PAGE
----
Base Pay


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Base Pay

The salary one earns to which one may add through good job performance. For example, a company may hire a sales representative with a low base pay plus a commission on each sale made. Base pay allows an employee to continue to make a living during slow times, but generally is low enough to incentivize performance.
References in periodicals archive ?
One of the measures we are taking across the group is a general freeze to base pay for 2015, with only a few exceptions for specific circumstances around the world," Dudley added.
A pool of $20,000 to raise the base pay of her assistants, including former Bears All-American Jackie Stiles, was given through university funds.
6 percent increases in base pay but saw reductions in total compensation of 2.
Banks have made similar moves to increase base pay, but none have so far have reported hikes as dramatic as the one Chenault is due to receive from the largest U.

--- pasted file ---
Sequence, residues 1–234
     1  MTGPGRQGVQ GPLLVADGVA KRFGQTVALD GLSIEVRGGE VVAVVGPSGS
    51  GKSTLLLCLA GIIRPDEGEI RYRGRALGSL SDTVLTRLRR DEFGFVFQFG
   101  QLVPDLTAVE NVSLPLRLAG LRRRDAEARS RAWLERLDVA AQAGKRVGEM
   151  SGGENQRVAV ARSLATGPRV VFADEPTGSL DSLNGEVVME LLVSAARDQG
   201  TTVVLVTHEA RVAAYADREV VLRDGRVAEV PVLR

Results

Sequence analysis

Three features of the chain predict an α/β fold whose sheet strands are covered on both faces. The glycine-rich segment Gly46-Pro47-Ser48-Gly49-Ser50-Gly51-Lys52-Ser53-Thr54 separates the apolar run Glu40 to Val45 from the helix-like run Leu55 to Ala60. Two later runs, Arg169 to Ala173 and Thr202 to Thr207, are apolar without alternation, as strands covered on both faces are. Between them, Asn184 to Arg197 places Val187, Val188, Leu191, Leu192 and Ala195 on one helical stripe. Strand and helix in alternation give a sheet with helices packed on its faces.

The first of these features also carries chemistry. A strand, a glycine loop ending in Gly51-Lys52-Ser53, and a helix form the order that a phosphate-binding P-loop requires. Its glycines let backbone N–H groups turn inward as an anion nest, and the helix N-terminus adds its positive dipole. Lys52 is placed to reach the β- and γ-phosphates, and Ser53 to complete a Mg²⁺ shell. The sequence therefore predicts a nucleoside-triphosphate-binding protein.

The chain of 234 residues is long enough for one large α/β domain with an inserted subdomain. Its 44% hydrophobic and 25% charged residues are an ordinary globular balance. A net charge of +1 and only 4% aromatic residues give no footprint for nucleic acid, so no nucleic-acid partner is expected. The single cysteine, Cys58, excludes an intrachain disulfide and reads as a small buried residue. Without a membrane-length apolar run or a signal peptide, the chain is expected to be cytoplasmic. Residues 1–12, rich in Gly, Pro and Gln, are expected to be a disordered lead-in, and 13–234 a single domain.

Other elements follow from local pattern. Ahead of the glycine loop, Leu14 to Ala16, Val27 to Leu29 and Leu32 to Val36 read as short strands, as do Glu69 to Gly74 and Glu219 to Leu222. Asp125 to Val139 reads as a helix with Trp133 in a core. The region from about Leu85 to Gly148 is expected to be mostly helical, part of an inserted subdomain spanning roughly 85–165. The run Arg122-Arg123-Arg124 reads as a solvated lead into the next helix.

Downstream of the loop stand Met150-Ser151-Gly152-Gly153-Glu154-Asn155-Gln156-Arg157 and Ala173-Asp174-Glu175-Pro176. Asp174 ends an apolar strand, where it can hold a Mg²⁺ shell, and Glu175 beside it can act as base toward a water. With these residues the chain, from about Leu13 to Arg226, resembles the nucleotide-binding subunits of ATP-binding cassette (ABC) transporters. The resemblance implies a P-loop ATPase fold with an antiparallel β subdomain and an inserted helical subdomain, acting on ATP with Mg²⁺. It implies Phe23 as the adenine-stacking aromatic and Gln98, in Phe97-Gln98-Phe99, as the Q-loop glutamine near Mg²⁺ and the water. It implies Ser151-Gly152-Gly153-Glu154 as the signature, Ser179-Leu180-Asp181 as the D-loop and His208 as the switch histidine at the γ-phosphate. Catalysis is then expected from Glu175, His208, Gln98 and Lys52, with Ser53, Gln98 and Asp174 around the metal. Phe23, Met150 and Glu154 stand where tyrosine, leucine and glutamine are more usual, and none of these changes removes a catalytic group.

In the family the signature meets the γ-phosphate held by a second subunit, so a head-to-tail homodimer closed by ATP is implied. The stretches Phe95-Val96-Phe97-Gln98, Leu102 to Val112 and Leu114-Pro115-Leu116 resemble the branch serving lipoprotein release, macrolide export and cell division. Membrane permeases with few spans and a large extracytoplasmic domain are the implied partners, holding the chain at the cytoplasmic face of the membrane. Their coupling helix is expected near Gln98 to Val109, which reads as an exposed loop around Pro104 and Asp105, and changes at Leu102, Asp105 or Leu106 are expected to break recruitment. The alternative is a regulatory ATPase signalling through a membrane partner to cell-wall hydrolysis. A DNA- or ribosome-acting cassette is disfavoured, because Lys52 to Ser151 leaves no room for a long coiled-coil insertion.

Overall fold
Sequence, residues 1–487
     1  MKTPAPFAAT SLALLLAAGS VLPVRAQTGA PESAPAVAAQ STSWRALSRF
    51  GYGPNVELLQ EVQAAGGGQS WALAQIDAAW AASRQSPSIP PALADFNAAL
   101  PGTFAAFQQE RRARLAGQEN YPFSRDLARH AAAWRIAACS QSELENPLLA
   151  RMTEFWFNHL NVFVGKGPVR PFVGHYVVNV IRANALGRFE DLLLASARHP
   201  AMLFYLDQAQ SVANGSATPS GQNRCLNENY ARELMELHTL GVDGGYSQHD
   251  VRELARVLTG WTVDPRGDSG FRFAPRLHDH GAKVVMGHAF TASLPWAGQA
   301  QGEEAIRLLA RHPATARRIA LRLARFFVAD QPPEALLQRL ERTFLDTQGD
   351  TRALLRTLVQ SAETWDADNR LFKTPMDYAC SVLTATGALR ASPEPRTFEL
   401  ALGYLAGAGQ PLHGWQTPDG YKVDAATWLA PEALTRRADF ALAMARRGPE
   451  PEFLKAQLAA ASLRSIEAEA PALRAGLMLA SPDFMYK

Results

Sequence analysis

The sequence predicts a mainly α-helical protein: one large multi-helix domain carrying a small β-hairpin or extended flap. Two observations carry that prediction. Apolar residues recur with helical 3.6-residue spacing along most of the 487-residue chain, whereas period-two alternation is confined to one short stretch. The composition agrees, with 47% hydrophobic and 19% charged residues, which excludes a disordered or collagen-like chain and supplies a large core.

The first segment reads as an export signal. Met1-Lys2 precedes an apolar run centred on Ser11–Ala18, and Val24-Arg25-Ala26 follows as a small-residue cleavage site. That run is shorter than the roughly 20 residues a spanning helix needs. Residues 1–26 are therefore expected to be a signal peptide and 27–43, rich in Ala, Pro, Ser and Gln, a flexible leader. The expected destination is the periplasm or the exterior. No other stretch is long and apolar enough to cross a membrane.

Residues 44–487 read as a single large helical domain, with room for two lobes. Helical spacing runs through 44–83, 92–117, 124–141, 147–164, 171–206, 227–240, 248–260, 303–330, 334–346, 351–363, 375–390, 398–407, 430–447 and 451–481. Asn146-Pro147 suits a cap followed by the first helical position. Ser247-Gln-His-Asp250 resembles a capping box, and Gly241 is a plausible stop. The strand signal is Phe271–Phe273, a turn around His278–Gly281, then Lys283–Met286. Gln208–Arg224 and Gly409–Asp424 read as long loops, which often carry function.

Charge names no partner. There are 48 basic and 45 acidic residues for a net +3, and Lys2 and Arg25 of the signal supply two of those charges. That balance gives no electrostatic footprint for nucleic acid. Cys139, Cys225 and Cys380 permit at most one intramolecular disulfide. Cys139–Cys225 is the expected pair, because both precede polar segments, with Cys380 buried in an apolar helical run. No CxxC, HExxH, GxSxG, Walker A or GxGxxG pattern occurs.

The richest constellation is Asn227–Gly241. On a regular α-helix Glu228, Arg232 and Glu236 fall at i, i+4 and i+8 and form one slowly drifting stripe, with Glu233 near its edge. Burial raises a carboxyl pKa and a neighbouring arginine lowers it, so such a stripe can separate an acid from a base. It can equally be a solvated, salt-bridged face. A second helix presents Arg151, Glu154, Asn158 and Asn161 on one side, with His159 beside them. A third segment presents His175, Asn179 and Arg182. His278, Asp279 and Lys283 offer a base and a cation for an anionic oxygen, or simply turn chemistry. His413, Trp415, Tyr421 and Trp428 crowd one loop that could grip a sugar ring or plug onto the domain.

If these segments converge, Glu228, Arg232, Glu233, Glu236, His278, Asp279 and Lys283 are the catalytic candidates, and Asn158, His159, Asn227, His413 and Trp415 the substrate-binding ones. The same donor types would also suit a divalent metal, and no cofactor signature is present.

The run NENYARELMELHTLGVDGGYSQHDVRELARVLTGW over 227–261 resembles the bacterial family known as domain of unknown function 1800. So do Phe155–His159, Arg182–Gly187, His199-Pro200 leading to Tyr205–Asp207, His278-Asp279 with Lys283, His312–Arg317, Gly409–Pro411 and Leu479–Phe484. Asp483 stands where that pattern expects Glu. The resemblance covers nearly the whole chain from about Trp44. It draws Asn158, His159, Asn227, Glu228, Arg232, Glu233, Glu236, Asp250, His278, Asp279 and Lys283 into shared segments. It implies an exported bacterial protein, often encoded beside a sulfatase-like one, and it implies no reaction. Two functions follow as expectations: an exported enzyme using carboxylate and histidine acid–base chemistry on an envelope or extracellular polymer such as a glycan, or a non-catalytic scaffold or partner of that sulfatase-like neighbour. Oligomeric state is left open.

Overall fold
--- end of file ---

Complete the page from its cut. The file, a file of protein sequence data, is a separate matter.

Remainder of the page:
Craig Huke, chief financial officer, received a base pay of $215,000 and merit-based compensation totaling $410,384; Robert L.
Eastman Chemical Company today announced it will reduce its workforce and reduce base pay for US employees as part of its push to reduce costs by more than $100 million in response to the ongoing global economic recession.
The survey found a "Confidential" clearance increases base pay by an average of 3%; a "Secret" clearance, 13%; "Top Secret" or "Top Secret/SAP," 14%; and "Top Secret Polygraph," 23%.
However, prices for food, gas, rent, clothing and many more expenses have also gone up significantly since 2004, the last time minimum-wage earners saw an increase to their base pay.
According to the agency, "Negotiations stalled on the issue of base pay and two types of premium pay that together have escalated the average controller's salary and benefits to over $170,000 annually" since the last contract was signed in 1998.
In terms of retirement, the committee recommends: vesting members at 10 rather than 20 years; paying graduated retirement plans ranging from 25 percent of base pay at 10 years to 100 percent of base pay at 40 years; establishing a Thrift Savings Plan with government contributions of 5 to 10 percent of base pay; providing "gate pays" at specific service milestones, as determined by the individual services; and delaying payment of the retirement annuity until age 60.
5 weeks of pay for each year of service of termination calculated using base pay and average shift premium.
His current base pay exceeds $500,000 per year, which means Ladner may get well more than $1 million after being fired.